Can Mini-Reactors Save Nuclear Power?

Catalyst believes that with the global demand for electricity growing at an extraordinary pace that it’s only a matter of time until new forms of energy start to appear on […]

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By Catalyst

Catalyst believes that with the global demand for electricity growing at an extraordinary pace that it’s only a matter of time until new forms of energy start to appear on the market, and the dominance of the worlds leading energy companies will finally come to an end.

There is a long term desire for reliable, affordable and carbon-free ways to generate our growing demand for more power, and nuclear power delivers all of this whilst generating up to 1,500 MW of carbon-free energy with one single reaction.

But despite its effectiveness, nuclear power has been left aside by many nations due to its high assembly costs, the time needed to build a new nuclear power plant, suitable locations and the long term radioactive threats of a core meltdown.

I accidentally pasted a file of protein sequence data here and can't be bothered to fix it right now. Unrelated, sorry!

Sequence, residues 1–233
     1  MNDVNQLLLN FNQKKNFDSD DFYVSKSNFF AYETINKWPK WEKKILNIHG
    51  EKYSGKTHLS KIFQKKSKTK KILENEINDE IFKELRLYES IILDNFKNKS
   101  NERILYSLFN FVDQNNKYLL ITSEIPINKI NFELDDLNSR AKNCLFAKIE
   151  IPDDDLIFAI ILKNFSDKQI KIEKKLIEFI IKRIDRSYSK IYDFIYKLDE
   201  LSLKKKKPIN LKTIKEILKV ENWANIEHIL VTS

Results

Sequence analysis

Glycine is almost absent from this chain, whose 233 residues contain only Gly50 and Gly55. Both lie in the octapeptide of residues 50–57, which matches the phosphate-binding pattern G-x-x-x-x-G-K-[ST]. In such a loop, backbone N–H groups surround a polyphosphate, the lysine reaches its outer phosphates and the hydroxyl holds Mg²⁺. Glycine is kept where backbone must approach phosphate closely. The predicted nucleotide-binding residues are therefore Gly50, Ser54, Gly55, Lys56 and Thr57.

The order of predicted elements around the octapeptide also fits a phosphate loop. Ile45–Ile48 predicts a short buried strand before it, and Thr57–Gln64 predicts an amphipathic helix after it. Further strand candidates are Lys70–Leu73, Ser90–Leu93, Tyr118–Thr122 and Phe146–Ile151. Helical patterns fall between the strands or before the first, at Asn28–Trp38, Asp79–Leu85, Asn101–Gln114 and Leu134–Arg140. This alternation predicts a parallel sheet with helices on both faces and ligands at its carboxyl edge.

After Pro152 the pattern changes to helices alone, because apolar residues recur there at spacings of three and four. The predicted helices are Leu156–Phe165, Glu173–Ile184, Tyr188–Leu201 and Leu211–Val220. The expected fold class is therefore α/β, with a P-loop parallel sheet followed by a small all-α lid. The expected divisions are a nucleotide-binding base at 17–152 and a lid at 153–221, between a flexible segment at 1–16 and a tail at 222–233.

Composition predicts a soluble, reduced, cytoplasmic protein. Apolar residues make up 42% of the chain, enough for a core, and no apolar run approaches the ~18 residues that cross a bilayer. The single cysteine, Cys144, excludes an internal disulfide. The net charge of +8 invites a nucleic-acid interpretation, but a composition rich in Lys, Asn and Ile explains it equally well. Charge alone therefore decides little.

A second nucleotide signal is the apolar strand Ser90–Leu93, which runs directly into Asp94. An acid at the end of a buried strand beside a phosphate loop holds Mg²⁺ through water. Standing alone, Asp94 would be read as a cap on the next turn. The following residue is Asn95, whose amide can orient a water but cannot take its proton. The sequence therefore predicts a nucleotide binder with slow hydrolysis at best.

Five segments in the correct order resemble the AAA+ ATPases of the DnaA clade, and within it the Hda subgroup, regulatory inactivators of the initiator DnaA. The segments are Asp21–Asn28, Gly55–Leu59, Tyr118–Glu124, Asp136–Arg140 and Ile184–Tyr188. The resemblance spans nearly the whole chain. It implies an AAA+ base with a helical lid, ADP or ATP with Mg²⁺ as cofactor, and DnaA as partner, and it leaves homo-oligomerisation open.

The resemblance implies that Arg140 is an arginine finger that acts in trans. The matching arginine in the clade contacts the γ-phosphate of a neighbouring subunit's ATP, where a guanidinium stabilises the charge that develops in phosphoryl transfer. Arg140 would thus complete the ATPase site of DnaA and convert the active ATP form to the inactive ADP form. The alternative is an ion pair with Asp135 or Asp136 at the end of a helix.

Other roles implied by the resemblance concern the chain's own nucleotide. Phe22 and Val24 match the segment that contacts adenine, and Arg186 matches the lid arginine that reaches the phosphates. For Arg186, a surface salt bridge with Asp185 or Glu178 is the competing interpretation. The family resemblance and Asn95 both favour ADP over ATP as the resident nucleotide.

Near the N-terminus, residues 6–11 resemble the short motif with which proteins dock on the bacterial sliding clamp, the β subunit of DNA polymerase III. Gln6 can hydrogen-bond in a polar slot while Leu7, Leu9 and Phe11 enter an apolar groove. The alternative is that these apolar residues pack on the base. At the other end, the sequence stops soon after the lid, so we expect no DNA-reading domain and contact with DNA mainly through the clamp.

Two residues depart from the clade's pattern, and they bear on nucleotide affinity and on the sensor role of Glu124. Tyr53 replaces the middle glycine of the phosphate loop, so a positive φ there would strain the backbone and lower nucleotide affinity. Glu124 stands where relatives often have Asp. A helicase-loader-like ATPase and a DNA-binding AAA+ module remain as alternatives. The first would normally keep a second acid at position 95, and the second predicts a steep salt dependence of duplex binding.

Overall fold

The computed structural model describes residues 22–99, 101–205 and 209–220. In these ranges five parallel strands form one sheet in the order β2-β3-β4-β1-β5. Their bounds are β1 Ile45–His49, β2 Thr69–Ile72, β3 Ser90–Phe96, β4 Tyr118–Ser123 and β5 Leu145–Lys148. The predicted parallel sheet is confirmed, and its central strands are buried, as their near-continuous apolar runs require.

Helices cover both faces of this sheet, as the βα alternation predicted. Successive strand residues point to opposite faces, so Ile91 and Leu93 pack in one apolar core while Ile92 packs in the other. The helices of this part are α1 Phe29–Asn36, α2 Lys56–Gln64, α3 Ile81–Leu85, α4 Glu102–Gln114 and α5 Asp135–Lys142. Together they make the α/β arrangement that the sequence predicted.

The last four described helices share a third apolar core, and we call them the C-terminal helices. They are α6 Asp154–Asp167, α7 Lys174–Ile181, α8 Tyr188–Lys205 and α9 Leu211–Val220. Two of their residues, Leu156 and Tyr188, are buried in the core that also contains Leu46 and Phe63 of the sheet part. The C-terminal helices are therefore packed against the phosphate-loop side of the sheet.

But things are about to change as American engineers are trying to revive the industry with the introduction of mini-reactors no bigger than a household garage.

American engineer, Jose Reyes, thinks he has found a solution to revive the nuclear industry. Reyes and his company NuScale have designed a reactor that is one-tenth the size of normal nuclear reactor with cooling that requires no pumps to circulate water to cool the reactor core.

NuScale mini-reactors use natural convection of water to cool nuclear fuel, this process requires no external power source to cool down the reactor. The reactor itself sits in a 4 million-gallon tank of water that provides long term cooling if other systems fail.

To enhance safety even further the mini-reactors are placed underground to protect them against natural disasters and multiple additional barriers prevent the escape of nuclear material.

Another advantage of these mini nuclear reactors is that they can be produced on demand and shipped to every corner of the globe. Depending on the size costs vary between $25 million and $200 million and each reactor can generate up to 45 MW.

Just for comparison matters, a traditional boiling water nuclear reactor costs between $5 and $15 billion US dollars to build and it can take up to 10 years before it goes on the grid.

These mini-reactors could be a viable and efficient solution for developing countries who can’t afford to pay $15 billion for a large scale nuclear plant. But it can also prove to be a solution for developed countries in need to reduce their carbon emissions.